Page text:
The foregrounding of the background — putting the setting centre stage — is perhaps what cinema does best. In a movie, the world simply is whatever meaning the director attempts to project upon it. Neither meaningful nor meaningless, it is there and there it is. End of story. Reality reimposes itself, in all its awesome weirdness, through its sheer presence, or at least the ghost of its presence. Alain Robbe-Grillet (a filmmaker as well as a nouveau romancier) highlights the way in which cinema unwittingly subverts the narcotic of narrative; the auteur’s reassuring reordering of chaos:

In the initial [traditional] novel, the objects and gestures forming the very fabric of the plot disappeared completely, leaving behind only their signification: the empty chair became only absence or expectation, the hand placed on the shoulder became a sign of friendliness, the bars on the window became only the impossibility of leaving. …But in the cinema, one sees the chair, the movement of the hand, the shape of the bars. What they signify remains obvious, but instead of monopolizing our attention, it becomes something added, even something in excess, because what affects us, what persists in our memory, what appears as essential and irreducible to vague intellectual concepts are the gestures themselves, the objects, the movements, and the outlines, to which the image has suddenly (and unintentionally) restored their reality.

I want to write like Benjamin Braddock, from air mattress to pneumatic bliss in one impossible match on action.

Here is a passage from “Celesteville’s Burning” where I fail to do so:

When the ink ran out of her biro, Zanzibar produced a pencil from his inside pocket with a little flourish. ‘Men,’ he said, ‘alwez ave two penceuls.’ He almost winked, but thought better of it. ‘Women,’ she said a little later, sitting on his face, wearing nothing but her high-heeled boots, ‘always have two pairs of lips.’ She almost added Try these on for size, big boy, but thought better of it too.

I want to write like Benjamin Braddock, my words shipwrecked on the body they have been lured to. Eyes closed; lips ajar.

In an older short story — “Sweet Fanny Adams” — the protagonist happens upon a young woman in a railway station, and senses, instantly, that he has found his sense of loss:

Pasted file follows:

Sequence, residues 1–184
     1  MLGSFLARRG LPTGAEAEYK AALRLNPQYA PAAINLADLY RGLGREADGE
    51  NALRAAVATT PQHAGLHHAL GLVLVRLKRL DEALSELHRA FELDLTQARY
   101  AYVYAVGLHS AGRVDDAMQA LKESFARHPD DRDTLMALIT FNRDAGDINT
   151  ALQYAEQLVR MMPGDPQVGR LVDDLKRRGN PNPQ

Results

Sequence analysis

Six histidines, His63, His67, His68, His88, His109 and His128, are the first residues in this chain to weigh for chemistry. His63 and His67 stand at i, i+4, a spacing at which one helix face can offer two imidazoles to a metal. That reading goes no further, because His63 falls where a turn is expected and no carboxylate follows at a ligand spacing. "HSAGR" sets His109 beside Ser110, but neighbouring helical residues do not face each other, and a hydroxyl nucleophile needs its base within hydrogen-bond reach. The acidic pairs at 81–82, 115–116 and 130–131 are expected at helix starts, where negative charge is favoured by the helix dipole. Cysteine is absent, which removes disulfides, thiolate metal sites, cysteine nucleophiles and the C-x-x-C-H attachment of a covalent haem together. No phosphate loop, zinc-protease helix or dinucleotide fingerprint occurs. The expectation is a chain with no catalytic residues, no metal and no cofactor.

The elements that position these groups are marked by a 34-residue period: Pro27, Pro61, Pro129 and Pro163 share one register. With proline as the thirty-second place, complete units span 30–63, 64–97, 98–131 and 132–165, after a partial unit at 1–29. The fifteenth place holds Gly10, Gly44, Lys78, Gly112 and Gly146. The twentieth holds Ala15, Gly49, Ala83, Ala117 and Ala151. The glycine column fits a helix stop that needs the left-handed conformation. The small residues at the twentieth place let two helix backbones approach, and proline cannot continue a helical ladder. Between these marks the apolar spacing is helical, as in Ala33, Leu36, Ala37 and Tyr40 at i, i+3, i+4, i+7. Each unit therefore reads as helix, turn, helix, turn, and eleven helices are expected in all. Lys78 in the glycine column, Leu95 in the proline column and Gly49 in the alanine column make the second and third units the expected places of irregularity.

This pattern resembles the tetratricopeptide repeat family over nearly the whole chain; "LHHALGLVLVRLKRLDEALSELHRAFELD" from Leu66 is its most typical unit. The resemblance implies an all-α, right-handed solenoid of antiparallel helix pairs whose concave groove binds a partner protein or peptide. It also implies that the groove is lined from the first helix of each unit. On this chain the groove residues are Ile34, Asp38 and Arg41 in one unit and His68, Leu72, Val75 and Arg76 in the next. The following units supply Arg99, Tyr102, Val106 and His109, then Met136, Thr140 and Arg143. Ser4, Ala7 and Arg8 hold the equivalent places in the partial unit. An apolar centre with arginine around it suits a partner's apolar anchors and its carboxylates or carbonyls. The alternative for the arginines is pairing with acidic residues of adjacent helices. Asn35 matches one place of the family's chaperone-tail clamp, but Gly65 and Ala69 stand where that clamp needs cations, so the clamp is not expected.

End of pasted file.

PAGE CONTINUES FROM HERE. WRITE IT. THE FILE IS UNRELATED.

Although he had never actually seen her before, he recognised her at once, and once he had recognised her, he realised he would never see her again. After all, not being there was what she was all about; it was the essence of her being, her being Fanny Adams and all that.
As he walked towards the bench where she was sitting pretty, Adam missed her already. Missed her bad.
‘How do you do?’
‘How do I do what? The imperfect stranger looked up from her slim, calf-bound volume and flashed him a baking-soda smile, all cocky like.

When my father took me to see The Graduate in the mid-70s, I was seized by a strange nostalgia for a homeland I had never known. In this sun-dappled “status symbol land” where charcoal is “burning everywhere” — as The Monkees sang on “Pleasant Valley Sunday,” released in 1967, the same year as the movie — I recognised my own sense of loss. The prelapsarian beach scenes in Jaws put me in similarly melancholy mood: all those healthy, happy families, and their dogs, enjoying spring break without (Roy Scheider excepted) a care in the world. Of course, a great white was about to blacken the mood somewhat, but I would experience this attack as the reenactment of an earlier trauma. The shark had already got me. Perhaps the shark has got us all, always-already.